Car companies didn’t start out exhibiting at CES; they started coming to the show to scout for new, inventive consumer technology that might make its way into the car. Even though car companies have made CES their own over the last decade or so by plugging their own wares, CES is still a hotbed of consumer innovation. As an homage to the original auto intent, here are a couple things outside of automotive that are pretty cool – maybe even a little bit out there – that may one day make the car a better place.

3D immersive sound. Demoed by students from the University of South Hampton, the AudioScenic project allows for a fully immersive 3D audio experience with an array of speakers in a single bar. You might argue that the car already has speakers surrounding the occupants, so why bother? Simply put – existing audio setups can’t fine-tune the sound to each ear. AudioScenic tracks the user’s head position and uses that to form independent audio beams to each ear, making for an amazingly lifelike audio experience. With this technology, you could personalize the audio experience for each passenger, letting everyone hear their own music – without needing earphones. Each person would hear sounds in an immersive 3D soundscape that would change as they turned their head, creating the illusion of being in a concert hall, a jungle, or any other sound-rich environment. While this could enable cinematic-like entertainment effects, it could also be used for a number of safety applications. Alerts positioned in 3D space would give a driver blind-spot (or other) warnings that would immediately cue them to the actual direction of the problem.

Quiet On earbuds

Snore prevention earphones. While we’re on the topic of audio, noise cancelling earphones from QuietOn were on display, designed to give people a quiet rest from their snoring bedmates. That got us thinking – if carmakers want to deliver personalized experiences for everyone in the car, it’s not too hard to imagine the family minivan coming with several sets of bluetooth earpieces. They could charge in special docks in the car and each earpiece would be linked to the car via individual profiles, letting each passenger travel in their own isolated bubble or letting audio pass through for conversations as desired. As an example, one person could restfully nap on a long autonomous car ride while the kids watch loud action movies.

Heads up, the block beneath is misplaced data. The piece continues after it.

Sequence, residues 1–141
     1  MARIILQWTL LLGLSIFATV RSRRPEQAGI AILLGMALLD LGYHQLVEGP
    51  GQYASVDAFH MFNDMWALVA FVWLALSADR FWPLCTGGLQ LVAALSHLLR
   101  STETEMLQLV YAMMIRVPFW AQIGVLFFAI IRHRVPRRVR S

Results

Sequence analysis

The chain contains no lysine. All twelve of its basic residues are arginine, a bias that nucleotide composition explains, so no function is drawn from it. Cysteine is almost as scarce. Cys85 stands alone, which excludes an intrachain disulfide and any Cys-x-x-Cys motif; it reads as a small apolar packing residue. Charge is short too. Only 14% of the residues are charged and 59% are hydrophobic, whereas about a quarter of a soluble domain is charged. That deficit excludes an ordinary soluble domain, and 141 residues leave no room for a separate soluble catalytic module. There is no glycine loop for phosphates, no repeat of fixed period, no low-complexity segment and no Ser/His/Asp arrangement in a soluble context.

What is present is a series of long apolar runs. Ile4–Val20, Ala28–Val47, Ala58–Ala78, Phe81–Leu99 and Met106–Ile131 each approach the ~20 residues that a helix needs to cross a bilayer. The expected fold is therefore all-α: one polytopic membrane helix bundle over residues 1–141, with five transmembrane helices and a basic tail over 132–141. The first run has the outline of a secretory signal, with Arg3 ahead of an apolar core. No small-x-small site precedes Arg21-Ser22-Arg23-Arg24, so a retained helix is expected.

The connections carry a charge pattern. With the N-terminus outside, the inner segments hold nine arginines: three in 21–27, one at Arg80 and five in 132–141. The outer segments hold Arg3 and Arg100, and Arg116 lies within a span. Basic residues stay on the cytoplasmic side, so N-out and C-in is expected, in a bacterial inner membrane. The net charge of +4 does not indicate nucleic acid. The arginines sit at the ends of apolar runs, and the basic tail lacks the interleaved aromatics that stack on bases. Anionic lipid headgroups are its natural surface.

Watergen in the car

Water extraction. A company called Watergen was demoing a small unit that quickly extracted clean, pure water out of the humidity in the air. While that might not work in Death Valley, it’d be perfect for nearly everywhere else that has at least 20 percent humidity in the air. This type of unit in a car could ensure users always have clean water at their disposal – no need to remember those pesky water bottles. Heck, we already have eight cup holders per car, why not have them automatically fill our water bottles too?

Rollable display. The LG LOED TV R is a small discrete box that unfurls a 4K 65” display on command. It’s also got a “line” mode, where only a foot or so unrolls, creating a long, horizontal display … like an instrument cluster maybe? This could enable the car to have a screen that could roll out at maximum height when watching movies is more important than looking out the windshield, yet roll back to “cluster height” when someone actually wants to drive. Windshield angle still needs to be solved, but sounds like a pretty cool application to us. 

Massage chair. Massage chairs are all the rage at CES 2019, and even Lamborghini has gotten into the act with their own $30,000 branded massage chair. We understand that Lamborghini and autonomous don’t really belong in the same sentence, but wouldn’t a massage chair be the perfect accessory for an autonomous ride? You know the instant we have Level 5 cars on the streets, it won’t be long before there’s a massage chair bolted into one, so why not make it a luxury option? (A few automakers have massage seat options in top-end cars but nothing like this.) Maybe Lamborghini didn’t go far enough – just pop one of their full-body Shiatsu massage chairs into an Urus and we’ll be all set.

Sure, some of this is out there – for now. But in five or 10 years, maybe it’ll all make sense. Just like your own in-car music seemed a bit loopy in the 60’s when Chrysler added a phonograph to the car.  Have you seen some emerging tech at CES?  Come see us at the show; we’d love to talk about how your favorite new product could change the automotive experience!

Brian Debler Principal HMI Engineer

Brian bridges between the creative teams that handle user experience and the technical teams that will implement them, all while working with both to meet customer needs.